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Aerial view of the Dupont Beaumont site and surrounding wetlands (Credit: NOAA).
Aerial view of the Dupont Beaumont site and surrounding wetlands (Credit: NOAA).

475 Acres of Wetlands Preserved in Perpetuity, Proposed Restoration Plan for Dupont Beaumont Works West Marsh Site in Texas

January 14, 2021

Per a Federal Register Notice on January 14, 2021, the Department of Justice announced that a consent decree was lodged in the hazardous waste case of DuPont Beaumont Works West Marsh in Jefferson County, Texas to compensate the public for injuries to natural resources at the Beaumont Works Industrial Complex. 

Under the proposed settlement, two responsible parties, E.I. du Pont de Nemours and Company and the Chemours Company will implement a restoration project to preserve a 475-acre tract of habitat. 

The proposed area includes tidal intermediate wetlands, expanses of open water, and bands of upland forested habitat in Orange County, Texas. The conservation area will provide important habitats for many species of fish, migratory birds, and waterfowl. These habitats would be preserved in perpetuity via a conservation easement to be held by the Big Thicket Natural Heritage Trust, a local conservation group. This action will be implemented with Trustee oversight.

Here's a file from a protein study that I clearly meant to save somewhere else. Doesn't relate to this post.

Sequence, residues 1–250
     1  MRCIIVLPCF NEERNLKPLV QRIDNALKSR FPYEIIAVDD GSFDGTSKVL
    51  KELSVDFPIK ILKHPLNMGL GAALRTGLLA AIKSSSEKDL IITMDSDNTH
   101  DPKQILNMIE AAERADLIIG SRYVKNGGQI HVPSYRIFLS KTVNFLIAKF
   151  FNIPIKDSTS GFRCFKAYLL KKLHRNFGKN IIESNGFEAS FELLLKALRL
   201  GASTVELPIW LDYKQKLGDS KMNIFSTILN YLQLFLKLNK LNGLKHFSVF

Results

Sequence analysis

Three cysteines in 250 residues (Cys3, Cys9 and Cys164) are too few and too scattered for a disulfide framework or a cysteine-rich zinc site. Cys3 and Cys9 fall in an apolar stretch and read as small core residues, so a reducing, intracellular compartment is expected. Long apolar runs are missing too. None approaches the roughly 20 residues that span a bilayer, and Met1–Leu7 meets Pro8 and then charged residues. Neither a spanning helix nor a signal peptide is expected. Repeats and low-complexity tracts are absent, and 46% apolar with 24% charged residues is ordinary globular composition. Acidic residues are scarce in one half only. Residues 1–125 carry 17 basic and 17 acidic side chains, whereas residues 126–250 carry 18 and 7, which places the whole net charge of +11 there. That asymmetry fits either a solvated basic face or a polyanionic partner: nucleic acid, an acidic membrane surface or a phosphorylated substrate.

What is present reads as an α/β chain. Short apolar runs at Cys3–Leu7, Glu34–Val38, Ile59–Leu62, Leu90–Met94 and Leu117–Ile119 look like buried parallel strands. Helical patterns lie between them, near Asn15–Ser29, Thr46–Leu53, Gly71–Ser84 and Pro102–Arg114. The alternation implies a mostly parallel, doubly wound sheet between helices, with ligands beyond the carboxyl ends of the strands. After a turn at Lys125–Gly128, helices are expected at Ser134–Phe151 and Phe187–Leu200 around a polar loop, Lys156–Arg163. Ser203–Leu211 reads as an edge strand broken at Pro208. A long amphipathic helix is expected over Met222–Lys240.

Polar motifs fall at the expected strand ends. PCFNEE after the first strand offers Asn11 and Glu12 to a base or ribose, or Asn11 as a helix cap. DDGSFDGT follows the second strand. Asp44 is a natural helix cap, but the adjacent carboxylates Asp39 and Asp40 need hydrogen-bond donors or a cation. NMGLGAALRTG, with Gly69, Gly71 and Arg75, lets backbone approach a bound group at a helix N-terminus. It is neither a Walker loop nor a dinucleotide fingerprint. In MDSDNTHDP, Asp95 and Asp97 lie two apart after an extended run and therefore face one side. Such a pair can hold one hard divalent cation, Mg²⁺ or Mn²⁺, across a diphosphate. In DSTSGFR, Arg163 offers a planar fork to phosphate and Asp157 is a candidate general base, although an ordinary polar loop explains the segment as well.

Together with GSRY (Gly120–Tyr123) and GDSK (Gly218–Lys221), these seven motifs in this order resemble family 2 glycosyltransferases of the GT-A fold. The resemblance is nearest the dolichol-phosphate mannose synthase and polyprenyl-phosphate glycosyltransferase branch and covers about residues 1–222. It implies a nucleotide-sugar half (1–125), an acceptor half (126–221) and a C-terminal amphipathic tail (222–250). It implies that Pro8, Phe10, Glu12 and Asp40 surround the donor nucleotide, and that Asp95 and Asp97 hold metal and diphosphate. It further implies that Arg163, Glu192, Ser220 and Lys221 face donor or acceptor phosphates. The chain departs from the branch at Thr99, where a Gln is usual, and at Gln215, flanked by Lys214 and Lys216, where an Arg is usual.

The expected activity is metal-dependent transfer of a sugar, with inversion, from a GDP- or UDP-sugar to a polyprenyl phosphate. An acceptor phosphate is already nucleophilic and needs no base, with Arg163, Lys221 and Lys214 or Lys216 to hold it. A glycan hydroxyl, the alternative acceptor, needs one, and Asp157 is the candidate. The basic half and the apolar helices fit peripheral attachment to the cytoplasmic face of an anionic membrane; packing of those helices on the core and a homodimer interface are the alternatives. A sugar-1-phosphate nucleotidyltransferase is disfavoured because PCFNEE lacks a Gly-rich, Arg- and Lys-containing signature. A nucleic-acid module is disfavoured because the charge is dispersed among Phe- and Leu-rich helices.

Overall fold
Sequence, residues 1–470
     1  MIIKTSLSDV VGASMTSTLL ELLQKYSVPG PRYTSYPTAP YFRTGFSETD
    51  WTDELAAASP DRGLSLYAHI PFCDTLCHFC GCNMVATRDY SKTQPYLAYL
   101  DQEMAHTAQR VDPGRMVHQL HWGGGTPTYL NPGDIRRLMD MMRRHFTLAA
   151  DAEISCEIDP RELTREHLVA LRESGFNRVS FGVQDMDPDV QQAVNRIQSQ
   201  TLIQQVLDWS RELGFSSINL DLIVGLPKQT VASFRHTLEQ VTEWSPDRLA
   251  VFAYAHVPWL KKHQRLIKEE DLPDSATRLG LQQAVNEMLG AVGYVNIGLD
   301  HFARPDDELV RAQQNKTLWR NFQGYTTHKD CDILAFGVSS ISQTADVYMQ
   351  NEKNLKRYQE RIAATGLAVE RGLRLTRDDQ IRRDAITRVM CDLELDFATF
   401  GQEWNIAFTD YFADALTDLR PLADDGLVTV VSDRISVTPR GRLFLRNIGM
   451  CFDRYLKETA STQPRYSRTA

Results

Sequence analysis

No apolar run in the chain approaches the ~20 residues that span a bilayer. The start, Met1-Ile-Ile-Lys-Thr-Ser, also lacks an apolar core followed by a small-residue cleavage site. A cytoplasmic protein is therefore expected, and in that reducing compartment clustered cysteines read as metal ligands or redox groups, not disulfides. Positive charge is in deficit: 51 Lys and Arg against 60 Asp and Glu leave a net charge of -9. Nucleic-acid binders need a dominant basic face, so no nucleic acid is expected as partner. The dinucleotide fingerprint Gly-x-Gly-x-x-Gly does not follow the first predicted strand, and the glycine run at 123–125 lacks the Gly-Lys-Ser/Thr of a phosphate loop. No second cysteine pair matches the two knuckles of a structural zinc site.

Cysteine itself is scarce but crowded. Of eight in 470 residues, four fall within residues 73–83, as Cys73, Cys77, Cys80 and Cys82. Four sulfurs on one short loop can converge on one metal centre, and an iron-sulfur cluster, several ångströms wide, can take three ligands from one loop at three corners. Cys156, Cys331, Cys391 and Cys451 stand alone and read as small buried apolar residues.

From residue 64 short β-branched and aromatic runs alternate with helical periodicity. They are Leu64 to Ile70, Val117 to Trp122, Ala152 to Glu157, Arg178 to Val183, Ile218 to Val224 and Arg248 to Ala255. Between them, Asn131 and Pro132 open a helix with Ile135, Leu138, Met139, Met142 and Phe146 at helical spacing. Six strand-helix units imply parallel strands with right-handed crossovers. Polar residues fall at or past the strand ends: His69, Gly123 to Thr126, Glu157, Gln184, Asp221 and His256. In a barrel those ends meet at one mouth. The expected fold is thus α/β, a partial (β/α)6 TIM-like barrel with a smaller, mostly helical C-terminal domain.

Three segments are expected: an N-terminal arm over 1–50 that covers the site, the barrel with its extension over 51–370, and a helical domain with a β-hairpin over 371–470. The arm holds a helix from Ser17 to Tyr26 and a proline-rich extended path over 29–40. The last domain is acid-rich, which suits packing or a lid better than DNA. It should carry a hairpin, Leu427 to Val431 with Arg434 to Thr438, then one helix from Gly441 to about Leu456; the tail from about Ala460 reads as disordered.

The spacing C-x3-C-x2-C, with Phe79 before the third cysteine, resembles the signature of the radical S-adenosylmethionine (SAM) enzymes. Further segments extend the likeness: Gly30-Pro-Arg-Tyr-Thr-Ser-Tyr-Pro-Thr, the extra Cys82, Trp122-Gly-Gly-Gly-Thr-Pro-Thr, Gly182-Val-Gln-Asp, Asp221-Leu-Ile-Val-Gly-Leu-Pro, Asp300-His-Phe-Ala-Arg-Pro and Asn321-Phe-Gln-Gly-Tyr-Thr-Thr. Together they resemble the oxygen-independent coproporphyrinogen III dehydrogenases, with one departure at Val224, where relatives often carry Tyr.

Both parties will also reimburse State and Federal trustees for past and future assessment costs, including costs to oversee and monitor the restoration project. This will ensure that the 475 acres will be monitored and maintained for years to come.
Injuries to natural resources stemmed from the DuPont Beaumont Works Industrial Park Complex which began operations in 1954. The 751-acre complex borders the Neches River and the West Marsh, which support a variety of fish and wildlife. Historical operations at the site resulted in the disposal of hazardous substances, including chlorinated organic compounds and heavy metals, into the surrounding environment. 

The proposed restoration project will preserve 475 acres of habitat in perpetuity, meaning they will remain a refuge for fish and wildlife forever. This remarkable accomplishment will be made possible with the help of the Big Thicket Natural Heritage Trust, who ensured the proposed project best fits the needs of the local community. 

NOAA worked alongside our co-trustees, the U.S Department of the Interior, the Texas Commission on Environmental Quality, Texas Parks and Wildlife Department, and the Texas General Land Office, to assess environmental impacts and develop the restoration plan.

The public can view and comment on the consent decree on the Department of Justice website through February 13, 2021.